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Trending on LinkedIn: Facebook CEO Mark Zuckerberg has declined the request of government officials from Canada and the U.K. to discuss fake news and data privacy. Facebook issued a letter to respective governments indicating it is aware of the seriousness of Cambridge Analytica but will only send Facebook’s senior representatives to confront lawmakers instead of Zuckerberg. Canadian and U.K. lawmakers unprecedentedly made a joint effort last week to call on the social media giant’s CEO to appear before respective committees. Officials from Argentina, Australia, and Ireland are also joining forces to have the CEO appear before committees.

Also trending on LinkedIn: traditional TV providers in the U.S. aren’t having a good day after reporting that they had their worst quarter ever with 1.1 million homes cutting the cord. That tally comes from losses from nine of the largest cable, satellite, and telecommunications providers. Satellite services DirecTV and Dish Network continue to be hit, making up two-thirds of the industry’s decline last quarter. The drop in cord cutters does not reflect live TV streaming services.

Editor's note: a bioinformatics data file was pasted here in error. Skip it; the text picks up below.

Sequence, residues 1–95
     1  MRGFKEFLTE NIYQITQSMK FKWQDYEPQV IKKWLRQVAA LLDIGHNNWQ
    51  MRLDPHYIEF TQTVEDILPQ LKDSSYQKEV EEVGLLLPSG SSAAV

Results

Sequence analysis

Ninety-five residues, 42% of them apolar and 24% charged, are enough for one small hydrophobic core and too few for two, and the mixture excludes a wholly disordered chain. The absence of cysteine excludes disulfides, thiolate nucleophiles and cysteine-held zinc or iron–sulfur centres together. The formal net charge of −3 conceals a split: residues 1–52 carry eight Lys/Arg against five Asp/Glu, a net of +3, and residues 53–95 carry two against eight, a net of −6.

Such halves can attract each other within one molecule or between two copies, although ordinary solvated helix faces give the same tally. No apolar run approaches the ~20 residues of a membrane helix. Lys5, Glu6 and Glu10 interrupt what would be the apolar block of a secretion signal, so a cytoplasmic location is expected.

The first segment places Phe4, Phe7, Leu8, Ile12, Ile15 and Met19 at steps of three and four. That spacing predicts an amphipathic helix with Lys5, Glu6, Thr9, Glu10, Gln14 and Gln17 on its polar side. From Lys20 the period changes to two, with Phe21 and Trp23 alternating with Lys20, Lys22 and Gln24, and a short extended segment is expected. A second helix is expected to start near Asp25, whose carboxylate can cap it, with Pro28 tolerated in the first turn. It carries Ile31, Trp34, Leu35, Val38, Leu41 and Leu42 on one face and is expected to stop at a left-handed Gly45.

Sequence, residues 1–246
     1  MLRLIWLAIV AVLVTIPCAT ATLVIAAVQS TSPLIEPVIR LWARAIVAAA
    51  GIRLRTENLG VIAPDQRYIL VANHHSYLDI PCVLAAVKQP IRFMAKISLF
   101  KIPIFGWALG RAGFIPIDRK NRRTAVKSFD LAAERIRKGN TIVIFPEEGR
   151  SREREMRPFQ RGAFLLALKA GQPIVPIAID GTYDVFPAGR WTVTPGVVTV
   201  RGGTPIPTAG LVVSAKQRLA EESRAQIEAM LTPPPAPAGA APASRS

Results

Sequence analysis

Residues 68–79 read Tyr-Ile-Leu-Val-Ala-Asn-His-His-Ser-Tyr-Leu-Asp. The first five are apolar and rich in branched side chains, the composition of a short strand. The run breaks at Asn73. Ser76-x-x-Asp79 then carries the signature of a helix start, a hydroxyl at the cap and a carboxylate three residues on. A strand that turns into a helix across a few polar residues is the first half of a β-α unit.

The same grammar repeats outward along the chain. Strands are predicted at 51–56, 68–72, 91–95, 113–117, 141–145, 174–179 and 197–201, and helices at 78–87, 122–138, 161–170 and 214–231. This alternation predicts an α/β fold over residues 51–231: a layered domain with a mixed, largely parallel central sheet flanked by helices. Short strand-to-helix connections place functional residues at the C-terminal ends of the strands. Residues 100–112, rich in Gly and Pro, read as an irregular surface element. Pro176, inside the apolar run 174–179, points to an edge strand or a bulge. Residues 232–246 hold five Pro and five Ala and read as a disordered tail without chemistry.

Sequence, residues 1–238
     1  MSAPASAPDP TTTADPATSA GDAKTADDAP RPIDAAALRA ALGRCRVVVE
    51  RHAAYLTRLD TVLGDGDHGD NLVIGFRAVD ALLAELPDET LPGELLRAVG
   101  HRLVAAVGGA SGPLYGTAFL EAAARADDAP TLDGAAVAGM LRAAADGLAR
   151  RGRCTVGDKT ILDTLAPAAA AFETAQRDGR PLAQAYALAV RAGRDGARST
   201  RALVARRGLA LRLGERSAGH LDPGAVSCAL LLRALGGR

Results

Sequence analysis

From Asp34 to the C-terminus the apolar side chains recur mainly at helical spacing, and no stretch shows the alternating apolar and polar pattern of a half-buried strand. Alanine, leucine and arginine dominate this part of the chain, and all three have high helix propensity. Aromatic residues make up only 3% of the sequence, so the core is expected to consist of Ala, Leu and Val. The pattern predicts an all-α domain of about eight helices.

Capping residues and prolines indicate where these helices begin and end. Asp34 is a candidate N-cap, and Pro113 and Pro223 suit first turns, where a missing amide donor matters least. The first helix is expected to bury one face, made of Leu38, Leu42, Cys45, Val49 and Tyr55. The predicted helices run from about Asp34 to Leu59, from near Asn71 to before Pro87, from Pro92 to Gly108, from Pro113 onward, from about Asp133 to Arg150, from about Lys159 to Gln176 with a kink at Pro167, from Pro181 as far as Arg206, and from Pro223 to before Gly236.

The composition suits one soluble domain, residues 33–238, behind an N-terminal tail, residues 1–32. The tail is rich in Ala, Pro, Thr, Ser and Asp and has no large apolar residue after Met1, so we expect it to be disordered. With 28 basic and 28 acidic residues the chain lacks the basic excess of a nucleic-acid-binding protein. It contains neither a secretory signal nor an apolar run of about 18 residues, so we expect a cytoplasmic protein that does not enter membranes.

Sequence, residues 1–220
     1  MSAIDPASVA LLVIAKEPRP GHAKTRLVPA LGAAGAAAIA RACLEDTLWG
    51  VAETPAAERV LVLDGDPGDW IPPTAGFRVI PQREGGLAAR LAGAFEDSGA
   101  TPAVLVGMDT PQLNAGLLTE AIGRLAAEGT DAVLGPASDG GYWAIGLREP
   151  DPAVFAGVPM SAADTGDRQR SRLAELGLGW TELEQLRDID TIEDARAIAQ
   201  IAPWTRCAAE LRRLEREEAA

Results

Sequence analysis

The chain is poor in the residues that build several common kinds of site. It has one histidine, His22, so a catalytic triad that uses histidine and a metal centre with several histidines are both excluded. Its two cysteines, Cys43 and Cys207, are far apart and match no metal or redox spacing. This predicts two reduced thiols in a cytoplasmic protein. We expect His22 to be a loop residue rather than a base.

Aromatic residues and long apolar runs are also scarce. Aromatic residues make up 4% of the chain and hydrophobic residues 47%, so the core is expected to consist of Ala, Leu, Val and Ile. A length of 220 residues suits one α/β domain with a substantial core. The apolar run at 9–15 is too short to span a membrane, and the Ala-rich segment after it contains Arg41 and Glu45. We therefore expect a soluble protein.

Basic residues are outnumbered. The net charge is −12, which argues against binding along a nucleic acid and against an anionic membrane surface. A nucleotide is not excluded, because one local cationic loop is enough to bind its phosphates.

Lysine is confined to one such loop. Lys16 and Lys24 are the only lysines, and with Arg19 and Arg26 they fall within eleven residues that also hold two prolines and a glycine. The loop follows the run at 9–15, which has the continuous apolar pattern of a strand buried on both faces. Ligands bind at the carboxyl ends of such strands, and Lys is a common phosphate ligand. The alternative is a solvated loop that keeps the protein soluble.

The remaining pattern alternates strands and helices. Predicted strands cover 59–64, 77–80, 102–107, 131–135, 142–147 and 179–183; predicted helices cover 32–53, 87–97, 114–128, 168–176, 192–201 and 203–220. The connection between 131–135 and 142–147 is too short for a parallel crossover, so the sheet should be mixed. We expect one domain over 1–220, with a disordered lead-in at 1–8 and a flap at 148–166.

Finally trending on Reddit: Microsoft’s President Brad Smith says it might be important to start regulating facial recognition technology especially because it is already prevalent in a lot of mainstream technology. Think about it, remember the last time you uploaded a photo on Instagram using a face filter, or used iPhone’s Face ID, or even Facebook’s face tagging. Smith says that if we don’t begin to regulate this type of technology it could change the way we live especially when it comes to privacy. He says: “It potentially means every time you walk into a store, a retailer knows when you were in there last, what goods you picked out, what you purchased.”

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